A female cyclist’s guide to measuring your progress

I’ve recently started working with a coach. It’s the first time I’ve used a coach and it’s come about because I’m involved with my cycling club’s women’s team. I don’t really consider myself to be a fully fledged member of the racing team but I decided as one of the key administrators of the team, I’d step up and try a bit more racing this year.

StageONE_Studio_Shimano_Ultegra1_LowRes
Stages Power Meter
Set a goal

So if you ‘re interested in stepping up and either developing your own training program or working with a coach you need to set yourself a goal. Without a specific goal you might as well just continue to be a keen recreational cyclist. There is of course nothing wrong with that, but if you’re serious about training you need to know where you are heading.

Don’t make it so easy that you’ll achieve it in the first month, make it a challenge. And make sure it’s specific like, “I’m going to research all the cycling clubs in my area, join up and try my first race by the middle of this year”. Or it could be that “I’m going to participate in a timed ride like the Amy Gillett Gran Fondo in September 2014”.

My main goal is to improve my time in my Club Championship Individual Time Trial in July. I have all the stats from my first two attempts so I’ll be able to easily measure if there’s an improvement.

Measurement

The second thing you need to work out is how you are going to measure your program which you can do in a number of ways.

Firstly, you need a good bicycle computer like a Garmin or Magellan device that is specifically designed for cycling. It needs to record important parameters like distance, speed, time, average speed, cadence, heart rate and power output. You can download all the data from your bike computer to your home computer which gives you a record of all your rides as well as a way to analyse. You can buy the computer in a ‘bundle’ which means it includes a heart rate strap (that you wear) and a speed/cadence sensor (that you fit to the chainstay of your bike).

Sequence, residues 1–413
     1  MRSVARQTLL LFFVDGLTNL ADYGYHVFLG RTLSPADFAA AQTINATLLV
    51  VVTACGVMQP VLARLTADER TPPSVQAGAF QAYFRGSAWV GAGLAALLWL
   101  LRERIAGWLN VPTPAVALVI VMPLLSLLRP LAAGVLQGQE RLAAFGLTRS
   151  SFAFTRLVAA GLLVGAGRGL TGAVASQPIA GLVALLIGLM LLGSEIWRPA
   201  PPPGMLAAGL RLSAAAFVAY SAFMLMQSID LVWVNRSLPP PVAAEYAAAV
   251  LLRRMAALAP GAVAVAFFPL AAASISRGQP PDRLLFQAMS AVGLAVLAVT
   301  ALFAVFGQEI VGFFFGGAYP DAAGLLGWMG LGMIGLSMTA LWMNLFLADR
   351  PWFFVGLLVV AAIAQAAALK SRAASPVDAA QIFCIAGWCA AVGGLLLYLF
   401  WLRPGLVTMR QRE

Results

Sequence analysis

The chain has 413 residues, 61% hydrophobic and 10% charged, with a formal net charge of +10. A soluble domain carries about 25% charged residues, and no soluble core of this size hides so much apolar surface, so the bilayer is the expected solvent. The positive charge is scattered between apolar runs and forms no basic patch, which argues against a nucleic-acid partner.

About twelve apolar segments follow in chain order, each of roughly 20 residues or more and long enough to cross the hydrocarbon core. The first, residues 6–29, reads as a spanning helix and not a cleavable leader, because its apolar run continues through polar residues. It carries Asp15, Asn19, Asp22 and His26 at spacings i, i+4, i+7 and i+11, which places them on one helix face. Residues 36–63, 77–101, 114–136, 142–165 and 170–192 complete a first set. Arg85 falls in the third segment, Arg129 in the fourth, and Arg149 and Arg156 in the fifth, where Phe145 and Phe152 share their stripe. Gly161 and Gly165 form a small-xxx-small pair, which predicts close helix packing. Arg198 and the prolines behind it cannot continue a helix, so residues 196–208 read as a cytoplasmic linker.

A lot of keen cyclists will rush out and buy a power meter but you can actually measure your progress using a perceived rate of exertion scale and/or your heart rate. Either way you need to measure your rides so you can see if you are improving. It will also help you identify weaknesses like hill climbing.

The Perceived Rate of Exertion (PRE) was dreamt up by a guy called Borg and is basically a subjective measure of how hard you feel your body is working. It is based on the physical sensations you experience during physical activity, including increased heart rate, increased respiration or breathing rate, increased sweating, and muscle fatigue. In isolation it is a bit subjective but used in conjunction with your heart rate can tell you and your coach a lot about your progress.

Your bike computer can give you a fairly accurate reading of your heart rate (as long as you’re wearing a heart rate strap that fits neatly below your bra line) which will tell you how hard you are working. You need to establish a maximum heart rate which you can calculate using a number of formulas or just noting the highest your height rate reaches when you are at your maximum exertion.

If you do decide to go the full hog and get a power meter there are a number of different types available. There’s the Quarq system that attaches to your drive side crank, the Stages system which replaces your non-drive side crank arm, several different hub systems, the Garmin Vector pedal system and the one favoured by many pros – the SRM crank system.

I’ve not used any of them so can’t tell you which is better. They range in price from about $800 for Stages to a couple of thousand for the SRM. SRM also makes a head unit (computer) but other bike computers like Garmin and Magellan will also display your power output.

There’s heaps of product reviews about them so do a Google search or read the reviews in magazines like Bicycling Australia which has covered the subject extensively.

You can also record your progress in a program like Training Peaks. It’s free to sign up and use the most basic version, and allows you to record all your rides and upload your bike computer files.